by Frances Edstrom
I was not surprised to read that the City Council turned down the Parking Committee’s suggestion to sell parking permits to residents in the neighborhoods surrounding Winona State University. The idea would have allowed permit holders to park in the vicinity of their homes, and those without permits would be forced to buy more expensive permits in WSU parking lots, or park farther out from the campus.
No one likes to think it costs money to park in front of your own house. But the truth is that just because we buy a house, we have not bought the right to a parking spot on the street in front of the house, or even on the same block. The parking permit was as good a solution to the problem as any, just not a very popular one. (The only other good solution was proposed by a WSU student in a letter to the editor. He suggested that students park in one of the empty lots on the west end of Winona, such as the vast lot surrounding the J.C. Penny store, and ride a shuttle bus to the campus.)
But that’s not a conundrum I want to get into today.
I have written often in the past about the predilection of this city administration to appoint a committee any time it is faced with a difficult decision. Worse, it appoints citizen committees to “study” things that the city has no intention of doing anything about. The fact that there is a citizen group studying whatever it is serves as a good excuse for inaction — think Levee Park, for instance.
So the parking committee spent hundreds of hours gathering in good faith to try to solve what is a very pesky problem in any university community: how do we deal with the clogged streets around the university? It’s a particularly pesky problem in Winona, where the university is forced, if it wants to grow and expand, to build on parking lots or future parking lots or to buy up adjacent neighborhoods, a cost-prohibitive plan. But when WSU was founded in 1858, not even my house, the first in my neighborhood, was in existence, and I can see WSU from where I sit. The growth possibilities must have seemed endless at the time.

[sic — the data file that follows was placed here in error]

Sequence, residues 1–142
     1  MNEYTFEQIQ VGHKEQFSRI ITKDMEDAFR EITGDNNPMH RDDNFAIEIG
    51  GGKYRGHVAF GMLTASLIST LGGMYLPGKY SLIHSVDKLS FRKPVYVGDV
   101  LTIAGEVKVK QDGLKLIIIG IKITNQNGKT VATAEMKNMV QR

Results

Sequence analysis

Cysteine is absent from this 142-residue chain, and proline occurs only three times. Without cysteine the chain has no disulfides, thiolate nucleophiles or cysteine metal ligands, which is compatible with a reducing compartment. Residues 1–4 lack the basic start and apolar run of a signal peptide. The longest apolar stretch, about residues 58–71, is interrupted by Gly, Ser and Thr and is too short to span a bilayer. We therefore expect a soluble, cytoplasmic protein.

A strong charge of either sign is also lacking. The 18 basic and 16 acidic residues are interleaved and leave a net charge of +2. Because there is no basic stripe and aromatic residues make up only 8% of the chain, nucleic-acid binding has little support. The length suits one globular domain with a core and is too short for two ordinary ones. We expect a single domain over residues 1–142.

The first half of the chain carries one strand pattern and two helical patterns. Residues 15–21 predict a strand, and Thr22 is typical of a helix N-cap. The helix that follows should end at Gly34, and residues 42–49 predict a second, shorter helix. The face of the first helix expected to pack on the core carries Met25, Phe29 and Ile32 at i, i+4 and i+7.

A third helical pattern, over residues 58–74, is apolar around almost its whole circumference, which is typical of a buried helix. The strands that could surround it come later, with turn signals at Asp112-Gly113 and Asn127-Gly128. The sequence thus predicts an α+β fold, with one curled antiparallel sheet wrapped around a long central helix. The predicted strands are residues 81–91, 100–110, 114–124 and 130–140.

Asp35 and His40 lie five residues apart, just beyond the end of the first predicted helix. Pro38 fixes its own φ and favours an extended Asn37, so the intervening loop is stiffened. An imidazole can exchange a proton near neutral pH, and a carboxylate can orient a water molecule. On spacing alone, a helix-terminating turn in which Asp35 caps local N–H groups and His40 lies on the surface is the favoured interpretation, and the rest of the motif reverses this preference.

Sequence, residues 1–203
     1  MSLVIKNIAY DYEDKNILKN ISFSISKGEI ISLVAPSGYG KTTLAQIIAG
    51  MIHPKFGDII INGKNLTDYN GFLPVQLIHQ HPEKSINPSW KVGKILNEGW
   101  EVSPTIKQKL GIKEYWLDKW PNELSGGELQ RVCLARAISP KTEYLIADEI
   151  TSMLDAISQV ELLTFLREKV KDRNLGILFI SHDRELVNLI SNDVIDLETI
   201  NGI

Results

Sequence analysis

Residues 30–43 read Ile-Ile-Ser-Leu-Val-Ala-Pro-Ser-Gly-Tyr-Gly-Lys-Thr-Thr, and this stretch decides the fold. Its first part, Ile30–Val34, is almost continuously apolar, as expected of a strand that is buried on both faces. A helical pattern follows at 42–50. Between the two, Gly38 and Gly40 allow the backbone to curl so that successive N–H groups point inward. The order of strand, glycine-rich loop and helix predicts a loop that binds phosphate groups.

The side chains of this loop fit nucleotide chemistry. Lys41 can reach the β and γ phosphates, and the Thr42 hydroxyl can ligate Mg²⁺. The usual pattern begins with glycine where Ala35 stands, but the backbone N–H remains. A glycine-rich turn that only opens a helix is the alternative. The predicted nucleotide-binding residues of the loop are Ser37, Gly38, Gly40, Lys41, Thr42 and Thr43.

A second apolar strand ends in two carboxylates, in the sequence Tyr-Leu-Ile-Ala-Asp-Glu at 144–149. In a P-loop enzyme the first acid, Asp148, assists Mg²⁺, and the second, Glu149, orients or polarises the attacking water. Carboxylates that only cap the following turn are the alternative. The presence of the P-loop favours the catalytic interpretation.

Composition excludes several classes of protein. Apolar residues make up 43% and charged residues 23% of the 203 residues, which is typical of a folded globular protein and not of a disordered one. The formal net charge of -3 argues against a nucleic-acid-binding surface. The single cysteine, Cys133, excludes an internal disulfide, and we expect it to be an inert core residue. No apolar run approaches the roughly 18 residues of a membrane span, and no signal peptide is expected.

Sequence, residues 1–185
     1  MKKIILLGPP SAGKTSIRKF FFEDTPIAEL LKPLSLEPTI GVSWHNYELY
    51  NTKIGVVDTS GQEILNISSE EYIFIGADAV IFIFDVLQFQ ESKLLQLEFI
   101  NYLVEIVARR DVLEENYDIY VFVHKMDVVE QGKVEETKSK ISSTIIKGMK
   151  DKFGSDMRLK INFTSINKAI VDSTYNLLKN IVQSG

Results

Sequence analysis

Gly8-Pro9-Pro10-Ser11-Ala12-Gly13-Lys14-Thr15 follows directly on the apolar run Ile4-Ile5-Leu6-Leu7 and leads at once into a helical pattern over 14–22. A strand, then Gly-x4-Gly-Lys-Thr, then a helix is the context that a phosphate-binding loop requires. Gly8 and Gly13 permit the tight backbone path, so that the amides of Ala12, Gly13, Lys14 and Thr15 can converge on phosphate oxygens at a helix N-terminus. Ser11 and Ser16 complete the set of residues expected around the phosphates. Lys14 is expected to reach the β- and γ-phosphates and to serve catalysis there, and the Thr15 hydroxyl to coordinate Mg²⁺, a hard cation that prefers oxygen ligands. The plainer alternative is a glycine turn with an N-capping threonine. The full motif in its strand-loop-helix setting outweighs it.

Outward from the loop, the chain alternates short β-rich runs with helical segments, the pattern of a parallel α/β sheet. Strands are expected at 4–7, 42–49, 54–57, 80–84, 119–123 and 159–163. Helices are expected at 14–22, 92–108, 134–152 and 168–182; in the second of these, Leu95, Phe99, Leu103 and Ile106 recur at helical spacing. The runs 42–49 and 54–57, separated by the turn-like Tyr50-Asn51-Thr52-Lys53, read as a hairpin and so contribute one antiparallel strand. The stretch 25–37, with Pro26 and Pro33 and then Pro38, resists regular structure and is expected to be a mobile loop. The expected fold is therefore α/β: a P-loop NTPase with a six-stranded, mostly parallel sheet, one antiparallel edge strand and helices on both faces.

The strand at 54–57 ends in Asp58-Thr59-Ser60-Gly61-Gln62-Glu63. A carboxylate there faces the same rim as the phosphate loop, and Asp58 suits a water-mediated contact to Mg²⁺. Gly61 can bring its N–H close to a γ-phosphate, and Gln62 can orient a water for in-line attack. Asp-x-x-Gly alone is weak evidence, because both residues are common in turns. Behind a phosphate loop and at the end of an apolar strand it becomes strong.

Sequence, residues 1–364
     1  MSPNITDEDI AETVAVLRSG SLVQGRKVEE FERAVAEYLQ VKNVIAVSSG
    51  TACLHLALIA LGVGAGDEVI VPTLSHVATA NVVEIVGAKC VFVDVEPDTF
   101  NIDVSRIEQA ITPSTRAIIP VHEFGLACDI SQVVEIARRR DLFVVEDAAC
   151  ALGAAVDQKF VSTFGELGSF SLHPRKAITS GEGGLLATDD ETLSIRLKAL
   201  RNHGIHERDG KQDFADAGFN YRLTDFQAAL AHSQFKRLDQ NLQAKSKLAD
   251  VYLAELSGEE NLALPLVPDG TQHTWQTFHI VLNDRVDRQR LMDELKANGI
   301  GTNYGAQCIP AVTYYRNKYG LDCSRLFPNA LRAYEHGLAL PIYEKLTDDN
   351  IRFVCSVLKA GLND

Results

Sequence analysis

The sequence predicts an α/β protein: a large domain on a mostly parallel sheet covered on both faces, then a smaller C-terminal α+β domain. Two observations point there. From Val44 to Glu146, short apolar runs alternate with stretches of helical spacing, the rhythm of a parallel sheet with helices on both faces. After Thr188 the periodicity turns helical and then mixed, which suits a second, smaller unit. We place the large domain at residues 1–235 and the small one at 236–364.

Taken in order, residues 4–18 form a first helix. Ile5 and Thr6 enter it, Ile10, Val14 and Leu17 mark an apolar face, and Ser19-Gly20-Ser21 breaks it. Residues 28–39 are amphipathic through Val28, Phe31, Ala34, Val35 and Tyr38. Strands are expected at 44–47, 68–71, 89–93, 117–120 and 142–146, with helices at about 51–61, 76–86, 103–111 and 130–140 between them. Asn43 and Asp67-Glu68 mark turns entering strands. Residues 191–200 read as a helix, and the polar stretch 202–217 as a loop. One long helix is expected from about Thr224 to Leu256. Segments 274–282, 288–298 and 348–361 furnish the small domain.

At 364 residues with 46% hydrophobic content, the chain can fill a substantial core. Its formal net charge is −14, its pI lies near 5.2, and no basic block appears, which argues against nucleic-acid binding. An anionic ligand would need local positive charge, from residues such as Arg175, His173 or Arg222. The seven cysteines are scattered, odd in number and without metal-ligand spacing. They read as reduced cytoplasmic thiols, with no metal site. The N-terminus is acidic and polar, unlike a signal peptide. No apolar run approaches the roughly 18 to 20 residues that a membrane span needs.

The parking committee finally presented its decision to the City Council, though only to be shot down. The committee’s plan was not a surprise to the mayor or council members, unless of course they never read the paper, listen to the radio or watch local television news (could be?). It was evident long ago to anyone paying attention — which should include the mayor and City Council — that the parking permit option was a strong one.
So my question is this: Why didn’t the mayor or council step in and tell the committee to take the permit idea off the table because it wouldn’t fly? Wouldn’t that be the nice, decent thing to do? And couldn’t a council straw vote early on — say a year ago — have saved these citizen volunteers who make up the committee a lot of their precious personal time? Shouldn’t the paid city employee who is assigned to the committee be clued as to what the council and mayor are going to swallow and let the committee know?
A year of volunteer work has been flushed with a few votes and a little bit of discussion. Again. Why can’t the city get smarter or nicer about the way it deals with citizen committees. Unless it just doesn’t want to. After all, the presence of a committee can be used to assuage any fears the voters might have that in reality nothing is being done that they want, but a lot is being done that they don’t want — with the voters’ tax money.